them power to speak in various tongues ? Bohemia, who have kept their faith go They were thus endowed, and immedi- long a prisoner to their language, that ately fitted to disseminate evangelical they cannot converse with any one, so das truths among all nations; and beginning to be understood, unlees he first learn their at Jerusalem, they proceeded to found tongue. The Holy Spirit did not thus the Christian Church in every quarter of conduct in the beginning of Christianity. the habitable globe. Had they pertina- He did not tarry at Jerusalem until the ciously adhered to the ungenerous senti- whole world should there collect to learn ment which some would now exalt into the Hebrew language; but be endowed a maxim, that only one language should the Apostles with divers kiuds of tongues, be the vehicle of the glad tidings from to enable them, wherever they came, to above to sintul men, then truly, the ope- preach the Gospel of Christ. This exration of the Gospel would be confined ample I would rather follow, and it is just to circumscribed limits indeed.” On these that our youth should be exercised in difgrounds Mr. S. declared : " that whenever ferent languages, not knowing what parwarranted by the will of God, and exist- ticular purpose the Lord may call them ing circumstances were favourable, it was to fulfil." his determination to embrace every op
Various were the trials which beset the portunity, and to apply all means by path of this faithful servant of Christ; which he might in any wise gain souls yet was it “ as the shining light, that unto God, and by all means to suve some.” shineth more and more unto the perfect " I must work (he said) while it is day, I day.” know not how soon the night may come In his conduct he was upright. His when no man can work. Whilst I de- piety was pure-his character spotless.-pend upon the grace and mercy of my His manner was rather reserved, but canDivine Master, I shall endeavour to be did. He was studious, almost to excess, prepared when he shall summon me to yet agreeable to all who enjoyed his comrender an account of my stewardship.”— pany. He did the work of an evangelist, Who would not applaud such a resolu- and made full proof of his ministry. His tion ?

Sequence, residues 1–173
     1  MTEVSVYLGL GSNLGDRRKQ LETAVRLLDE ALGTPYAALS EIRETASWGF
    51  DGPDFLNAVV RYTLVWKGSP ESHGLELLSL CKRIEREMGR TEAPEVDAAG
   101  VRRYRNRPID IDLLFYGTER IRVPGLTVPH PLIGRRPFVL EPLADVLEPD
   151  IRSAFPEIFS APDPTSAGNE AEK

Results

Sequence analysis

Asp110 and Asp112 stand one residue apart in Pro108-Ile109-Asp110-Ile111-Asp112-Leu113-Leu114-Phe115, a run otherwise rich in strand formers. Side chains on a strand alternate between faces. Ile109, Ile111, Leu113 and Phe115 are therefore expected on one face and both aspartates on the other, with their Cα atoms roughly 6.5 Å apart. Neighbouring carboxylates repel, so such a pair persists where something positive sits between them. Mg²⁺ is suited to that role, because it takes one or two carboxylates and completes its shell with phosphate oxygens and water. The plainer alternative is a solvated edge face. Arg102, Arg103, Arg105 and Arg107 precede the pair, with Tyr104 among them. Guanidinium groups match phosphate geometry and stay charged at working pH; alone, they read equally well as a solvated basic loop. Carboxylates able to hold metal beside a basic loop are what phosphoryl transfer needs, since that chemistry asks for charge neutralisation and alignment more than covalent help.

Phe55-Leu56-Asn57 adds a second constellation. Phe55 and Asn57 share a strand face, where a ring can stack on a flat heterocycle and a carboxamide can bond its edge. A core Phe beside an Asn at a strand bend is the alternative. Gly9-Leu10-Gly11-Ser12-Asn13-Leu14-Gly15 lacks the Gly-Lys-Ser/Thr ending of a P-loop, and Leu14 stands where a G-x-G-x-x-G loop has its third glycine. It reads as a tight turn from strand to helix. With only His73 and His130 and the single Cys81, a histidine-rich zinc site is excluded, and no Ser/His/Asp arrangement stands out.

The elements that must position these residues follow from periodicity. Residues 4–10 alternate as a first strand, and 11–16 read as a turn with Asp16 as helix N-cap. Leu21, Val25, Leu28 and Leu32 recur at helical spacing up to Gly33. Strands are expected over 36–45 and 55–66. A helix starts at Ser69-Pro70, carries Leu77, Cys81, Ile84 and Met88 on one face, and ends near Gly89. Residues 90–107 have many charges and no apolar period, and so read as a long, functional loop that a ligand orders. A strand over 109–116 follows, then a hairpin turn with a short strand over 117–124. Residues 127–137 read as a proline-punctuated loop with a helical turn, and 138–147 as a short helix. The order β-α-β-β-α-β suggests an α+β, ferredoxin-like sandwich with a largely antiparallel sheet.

duties were discharged with conscienTo convince such of the Lutherans who tiousness and fidelity. The poor, the objected to his conduct, of their incon- ricb, and all, within the widening field of sistency; to show them the absurdity of his useful and benevolent labours, found their prejudices, and how little their sen- in him not only the faithful Pastor and timents coincided with the principles of friend, but the practical observer also of the great Reformer, (whose principles that beautiful evangelical precept: Love were those of the Bible,) he referred them thy neighbour as thyself." Long will he to the following extract, from the works live in their grateful and affectionate res. of that distinguished author.*
membrance. “ It is by no means my intention to say His sermons evinced that biblical critithat I expect the Latin language to cism was his peculiar province. At the used in our religious worship; the whole same time they breathed such a spirit of of my design is the improvement of our piety, such a tender concern for the mos youth. And were it in my power, and ral and religious improvement, and for the Greek and Hebrew were as common the eternal salvation of his hearers, as with us as the Latin, and contained such gave them an immediate access to the excellent church music, and psalmody as heart. With this were combined the adthe Latin does, it would be my wish to vantages of a graceful and dignified peruse all the four languages alternately, son, an excellent voice, a perspicuous Sunday after Sunday, so as to sing and style, an original and unaffected manner, read in German, Latin, Greek and He- and a persuasive eloquence in both the brew. I do not in any wise hold with languages in which he officiated. His those who confine themselves to one lan- administration of the Apostolic rite of conguage only, and despise all others; for I firmation was always peculiarly solemn wish in such manner to raise our people and impressive. and youth as to become serviceable to These devout occasions left not a mere Christ, in other quarters, and be able to transient glow. of this many pious converse with the inhabitants of foreign Christians are ready to bear witness, who countries; otherwise we shall fall into ' in their lives and conversation before God the predicament of the Waldenses, in acknowledge, that their hearts are yet
warm with the religious impressions * Luther's Works : Altenburg Edition. which then they first received. Tom, in, p. 464.
Among Mr. Schaeffer's manuscripts